Should you need to start over and reset your existing mappings back to their default state, you can select the Restore default mappings check box and save the configuration. Doing so sets all mappings and scoping filters as if the application was added to your Azure AD tenant from the application gallery.

Selecting this option forces a resynchronization of all users while the provisioning service is running.

Important

We strongly recommend that Provisioning status be set to Off before invoking this option.

What you should know

  • Microsoft Azure AD provides an efficient implementation of a synchronization process. In an initialized environment, only objects requiring updates are processed during a synchronization cycle.
  • Updating attribute-mappings has an impact on the performance of a synchronization cycle. An update to the attribute-mapping configuration requires all managed objects to be reevaluated.
  • A recommended best practice is to keep the number of consecutive changes to your attribute-mappings at a minimum.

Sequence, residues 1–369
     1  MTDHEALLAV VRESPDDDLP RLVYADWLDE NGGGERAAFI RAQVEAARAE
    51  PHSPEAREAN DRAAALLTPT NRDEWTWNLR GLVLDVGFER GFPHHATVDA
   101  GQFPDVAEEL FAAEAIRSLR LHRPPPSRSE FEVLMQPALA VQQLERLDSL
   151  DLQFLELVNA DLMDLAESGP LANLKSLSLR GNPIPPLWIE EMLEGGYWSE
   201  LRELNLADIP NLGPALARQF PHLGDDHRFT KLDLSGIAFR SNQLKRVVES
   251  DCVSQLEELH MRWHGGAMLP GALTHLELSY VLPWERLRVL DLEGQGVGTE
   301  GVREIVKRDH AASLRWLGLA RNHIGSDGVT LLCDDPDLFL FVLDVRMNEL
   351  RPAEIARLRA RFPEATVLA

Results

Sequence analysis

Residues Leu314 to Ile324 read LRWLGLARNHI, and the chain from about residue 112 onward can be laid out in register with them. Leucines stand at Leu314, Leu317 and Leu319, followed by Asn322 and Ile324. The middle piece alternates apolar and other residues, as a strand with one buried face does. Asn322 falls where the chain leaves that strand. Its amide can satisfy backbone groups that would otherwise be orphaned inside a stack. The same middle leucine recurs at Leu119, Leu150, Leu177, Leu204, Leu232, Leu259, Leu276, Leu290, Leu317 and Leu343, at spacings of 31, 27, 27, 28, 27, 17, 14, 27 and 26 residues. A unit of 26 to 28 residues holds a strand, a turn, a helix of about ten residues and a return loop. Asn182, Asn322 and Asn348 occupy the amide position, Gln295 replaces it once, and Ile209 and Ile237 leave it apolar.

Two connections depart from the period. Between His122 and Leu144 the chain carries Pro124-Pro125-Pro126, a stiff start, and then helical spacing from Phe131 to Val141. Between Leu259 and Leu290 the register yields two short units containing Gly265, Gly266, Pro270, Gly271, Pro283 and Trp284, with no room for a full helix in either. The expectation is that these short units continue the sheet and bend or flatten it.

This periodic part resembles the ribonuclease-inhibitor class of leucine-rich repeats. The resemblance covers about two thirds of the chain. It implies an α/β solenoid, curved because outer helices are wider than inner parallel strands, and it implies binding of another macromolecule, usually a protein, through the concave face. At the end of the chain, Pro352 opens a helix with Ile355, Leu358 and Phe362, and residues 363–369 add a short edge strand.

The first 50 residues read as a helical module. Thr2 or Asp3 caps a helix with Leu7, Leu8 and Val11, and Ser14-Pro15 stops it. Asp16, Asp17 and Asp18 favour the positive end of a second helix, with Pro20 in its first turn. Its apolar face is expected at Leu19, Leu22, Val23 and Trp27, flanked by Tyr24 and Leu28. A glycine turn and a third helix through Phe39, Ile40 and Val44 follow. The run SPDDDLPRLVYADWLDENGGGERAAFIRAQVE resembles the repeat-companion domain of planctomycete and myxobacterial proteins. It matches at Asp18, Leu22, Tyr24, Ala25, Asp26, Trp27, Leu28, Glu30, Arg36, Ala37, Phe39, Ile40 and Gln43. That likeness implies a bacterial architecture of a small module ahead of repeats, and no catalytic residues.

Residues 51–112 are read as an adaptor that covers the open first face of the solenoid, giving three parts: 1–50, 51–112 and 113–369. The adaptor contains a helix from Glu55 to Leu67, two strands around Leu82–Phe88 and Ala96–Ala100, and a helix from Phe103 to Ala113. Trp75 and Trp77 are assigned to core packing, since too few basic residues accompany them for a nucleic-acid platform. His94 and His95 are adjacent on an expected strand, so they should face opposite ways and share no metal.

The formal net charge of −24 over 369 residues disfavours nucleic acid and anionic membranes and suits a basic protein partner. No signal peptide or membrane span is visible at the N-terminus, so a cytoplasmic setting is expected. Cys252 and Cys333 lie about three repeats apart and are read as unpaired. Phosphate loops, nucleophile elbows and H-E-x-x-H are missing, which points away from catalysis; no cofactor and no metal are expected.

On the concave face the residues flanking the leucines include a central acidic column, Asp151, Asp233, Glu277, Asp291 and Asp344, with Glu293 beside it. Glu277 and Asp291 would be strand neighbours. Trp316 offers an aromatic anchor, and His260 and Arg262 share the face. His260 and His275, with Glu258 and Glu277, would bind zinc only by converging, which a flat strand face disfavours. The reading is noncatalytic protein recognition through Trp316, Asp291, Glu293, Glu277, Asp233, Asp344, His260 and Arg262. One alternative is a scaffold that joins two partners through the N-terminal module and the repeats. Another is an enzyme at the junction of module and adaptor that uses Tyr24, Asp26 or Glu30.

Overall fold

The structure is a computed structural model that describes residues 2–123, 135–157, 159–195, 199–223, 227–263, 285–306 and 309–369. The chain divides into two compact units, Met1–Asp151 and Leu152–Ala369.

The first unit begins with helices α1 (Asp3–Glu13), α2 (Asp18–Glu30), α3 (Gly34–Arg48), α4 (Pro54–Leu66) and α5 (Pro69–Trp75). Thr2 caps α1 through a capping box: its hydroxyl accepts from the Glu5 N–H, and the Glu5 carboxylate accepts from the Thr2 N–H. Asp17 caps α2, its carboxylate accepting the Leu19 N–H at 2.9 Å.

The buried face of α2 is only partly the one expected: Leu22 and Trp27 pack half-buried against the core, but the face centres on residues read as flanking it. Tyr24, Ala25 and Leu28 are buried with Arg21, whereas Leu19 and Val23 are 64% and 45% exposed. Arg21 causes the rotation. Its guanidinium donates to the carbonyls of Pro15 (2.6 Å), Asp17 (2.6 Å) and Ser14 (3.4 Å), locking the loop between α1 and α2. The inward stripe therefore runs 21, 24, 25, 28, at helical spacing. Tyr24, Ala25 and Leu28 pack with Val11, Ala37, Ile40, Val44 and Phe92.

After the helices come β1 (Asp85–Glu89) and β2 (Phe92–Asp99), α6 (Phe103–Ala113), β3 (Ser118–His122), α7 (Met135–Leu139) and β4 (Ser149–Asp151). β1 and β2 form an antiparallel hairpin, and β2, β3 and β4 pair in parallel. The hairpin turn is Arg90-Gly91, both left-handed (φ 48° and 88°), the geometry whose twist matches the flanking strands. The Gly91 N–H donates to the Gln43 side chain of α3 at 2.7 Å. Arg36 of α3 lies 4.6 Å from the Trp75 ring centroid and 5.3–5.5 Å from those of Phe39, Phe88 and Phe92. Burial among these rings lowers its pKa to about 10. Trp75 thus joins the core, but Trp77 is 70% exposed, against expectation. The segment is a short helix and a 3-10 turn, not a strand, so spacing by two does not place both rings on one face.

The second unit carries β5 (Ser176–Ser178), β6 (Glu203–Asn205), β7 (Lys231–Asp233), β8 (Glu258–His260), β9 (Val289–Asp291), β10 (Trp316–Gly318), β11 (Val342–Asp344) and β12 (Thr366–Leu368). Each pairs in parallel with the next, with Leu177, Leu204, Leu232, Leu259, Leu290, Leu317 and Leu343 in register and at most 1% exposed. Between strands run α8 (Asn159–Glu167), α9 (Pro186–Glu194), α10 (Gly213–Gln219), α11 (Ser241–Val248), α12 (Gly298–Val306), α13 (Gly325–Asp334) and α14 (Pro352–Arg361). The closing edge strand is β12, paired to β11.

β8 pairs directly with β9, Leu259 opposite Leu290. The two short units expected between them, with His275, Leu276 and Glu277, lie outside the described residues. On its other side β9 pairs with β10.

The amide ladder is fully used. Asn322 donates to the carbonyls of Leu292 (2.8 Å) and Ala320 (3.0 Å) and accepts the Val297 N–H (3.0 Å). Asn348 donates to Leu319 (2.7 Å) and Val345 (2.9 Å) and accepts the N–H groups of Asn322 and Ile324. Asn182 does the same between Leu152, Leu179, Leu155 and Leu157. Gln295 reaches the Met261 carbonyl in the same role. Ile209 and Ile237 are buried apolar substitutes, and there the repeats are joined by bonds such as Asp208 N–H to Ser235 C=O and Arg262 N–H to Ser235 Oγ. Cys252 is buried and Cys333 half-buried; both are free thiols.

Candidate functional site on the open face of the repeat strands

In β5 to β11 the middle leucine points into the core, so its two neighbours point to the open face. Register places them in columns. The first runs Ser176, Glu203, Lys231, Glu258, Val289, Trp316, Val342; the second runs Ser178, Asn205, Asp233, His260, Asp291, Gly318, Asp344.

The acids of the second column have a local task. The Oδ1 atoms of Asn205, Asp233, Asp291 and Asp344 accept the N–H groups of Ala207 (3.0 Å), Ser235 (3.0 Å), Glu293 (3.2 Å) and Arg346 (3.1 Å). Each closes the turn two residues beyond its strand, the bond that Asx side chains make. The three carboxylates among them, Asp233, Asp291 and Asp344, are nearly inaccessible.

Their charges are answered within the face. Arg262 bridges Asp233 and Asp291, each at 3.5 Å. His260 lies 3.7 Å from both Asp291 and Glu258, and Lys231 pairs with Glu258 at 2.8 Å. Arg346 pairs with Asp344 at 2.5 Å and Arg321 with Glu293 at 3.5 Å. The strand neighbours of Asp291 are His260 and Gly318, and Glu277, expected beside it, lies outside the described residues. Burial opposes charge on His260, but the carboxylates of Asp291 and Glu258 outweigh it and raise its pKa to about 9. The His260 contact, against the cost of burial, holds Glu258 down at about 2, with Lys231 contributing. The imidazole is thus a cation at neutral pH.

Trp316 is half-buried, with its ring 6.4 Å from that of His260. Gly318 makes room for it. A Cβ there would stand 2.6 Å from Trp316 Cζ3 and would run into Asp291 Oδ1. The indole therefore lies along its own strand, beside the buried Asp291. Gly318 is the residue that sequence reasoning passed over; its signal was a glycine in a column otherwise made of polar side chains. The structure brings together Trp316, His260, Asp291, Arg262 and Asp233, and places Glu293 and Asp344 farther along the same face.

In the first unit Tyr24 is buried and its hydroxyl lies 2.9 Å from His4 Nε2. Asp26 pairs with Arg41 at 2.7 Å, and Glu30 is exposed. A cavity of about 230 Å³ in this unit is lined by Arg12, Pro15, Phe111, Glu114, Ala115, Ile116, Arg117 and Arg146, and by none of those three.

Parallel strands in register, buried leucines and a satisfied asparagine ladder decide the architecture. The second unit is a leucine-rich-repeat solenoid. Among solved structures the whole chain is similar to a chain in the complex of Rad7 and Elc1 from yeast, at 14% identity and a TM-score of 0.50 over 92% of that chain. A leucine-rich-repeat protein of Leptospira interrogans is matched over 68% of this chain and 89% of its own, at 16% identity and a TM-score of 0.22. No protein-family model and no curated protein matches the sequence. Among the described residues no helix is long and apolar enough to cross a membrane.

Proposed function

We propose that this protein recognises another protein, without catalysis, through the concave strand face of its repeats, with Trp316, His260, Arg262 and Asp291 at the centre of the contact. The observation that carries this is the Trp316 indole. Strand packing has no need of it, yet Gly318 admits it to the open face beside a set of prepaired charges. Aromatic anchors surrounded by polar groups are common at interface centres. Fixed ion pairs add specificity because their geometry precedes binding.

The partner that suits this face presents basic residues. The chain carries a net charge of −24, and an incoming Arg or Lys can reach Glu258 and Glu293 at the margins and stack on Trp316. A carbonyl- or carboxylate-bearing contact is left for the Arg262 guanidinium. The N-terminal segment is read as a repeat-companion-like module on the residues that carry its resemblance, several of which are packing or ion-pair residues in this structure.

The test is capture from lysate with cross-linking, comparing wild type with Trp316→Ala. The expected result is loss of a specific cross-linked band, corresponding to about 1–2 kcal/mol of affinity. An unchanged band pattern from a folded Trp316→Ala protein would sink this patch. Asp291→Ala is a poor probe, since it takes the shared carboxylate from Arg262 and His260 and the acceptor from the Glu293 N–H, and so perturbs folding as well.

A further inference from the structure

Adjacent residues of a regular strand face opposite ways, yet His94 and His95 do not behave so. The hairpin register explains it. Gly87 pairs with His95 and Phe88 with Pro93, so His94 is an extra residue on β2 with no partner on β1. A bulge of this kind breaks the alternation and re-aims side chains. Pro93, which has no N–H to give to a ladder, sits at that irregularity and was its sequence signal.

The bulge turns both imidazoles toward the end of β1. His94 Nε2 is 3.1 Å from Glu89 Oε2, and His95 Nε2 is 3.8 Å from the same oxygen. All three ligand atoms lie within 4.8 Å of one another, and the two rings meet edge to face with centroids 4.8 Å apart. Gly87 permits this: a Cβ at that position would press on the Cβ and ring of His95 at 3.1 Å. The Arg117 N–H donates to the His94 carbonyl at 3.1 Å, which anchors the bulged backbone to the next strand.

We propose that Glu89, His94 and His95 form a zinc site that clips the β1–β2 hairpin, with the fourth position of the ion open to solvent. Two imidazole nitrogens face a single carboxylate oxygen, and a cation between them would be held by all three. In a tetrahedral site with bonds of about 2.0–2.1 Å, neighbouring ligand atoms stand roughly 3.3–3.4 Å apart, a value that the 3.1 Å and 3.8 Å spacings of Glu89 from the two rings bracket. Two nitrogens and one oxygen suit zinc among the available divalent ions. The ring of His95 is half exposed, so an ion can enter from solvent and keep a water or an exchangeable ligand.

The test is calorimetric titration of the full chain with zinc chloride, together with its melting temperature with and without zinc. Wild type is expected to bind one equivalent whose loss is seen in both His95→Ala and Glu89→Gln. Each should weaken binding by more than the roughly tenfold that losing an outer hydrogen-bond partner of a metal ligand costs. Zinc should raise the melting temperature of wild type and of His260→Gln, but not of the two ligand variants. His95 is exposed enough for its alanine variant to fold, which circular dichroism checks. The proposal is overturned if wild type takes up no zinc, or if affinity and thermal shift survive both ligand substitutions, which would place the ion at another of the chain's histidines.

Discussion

• Adding a photo attribute to be provisioned to an app isn't supported today as you can't specify the format to sync the photo. You can request the feature on User Voice
  • The attribute IsSoftDeleted is often part of the default mappings for an application. IsSoftdeleted can be true in one of four scenarios: 1) The user is out of scope due to being unassigned from the application. 2) The user is out of scope due to not meeting a scoping filter. 3) The user has been soft deleted in Azure AD. 4) The property AccountEnabled is set to false on the user. It's not recommended to remove the IsSoftDeleted attribute from your attribute mappings.
  • The Azure AD provisioning service doesn't support provisioning null values.
  • They primary key, typically "ID", shouldn't be included as a target attribute in your attribute mappings.
  • The role attribute typically needs to be mapped using an expression, rather than a direct mapping. For more information about role mapping, see [Provisioning a role to a SCIM app](#Provisioning a role to a SCIM app).
  • While you can disable groups from your mappings, disabling users isn't supported.

Next steps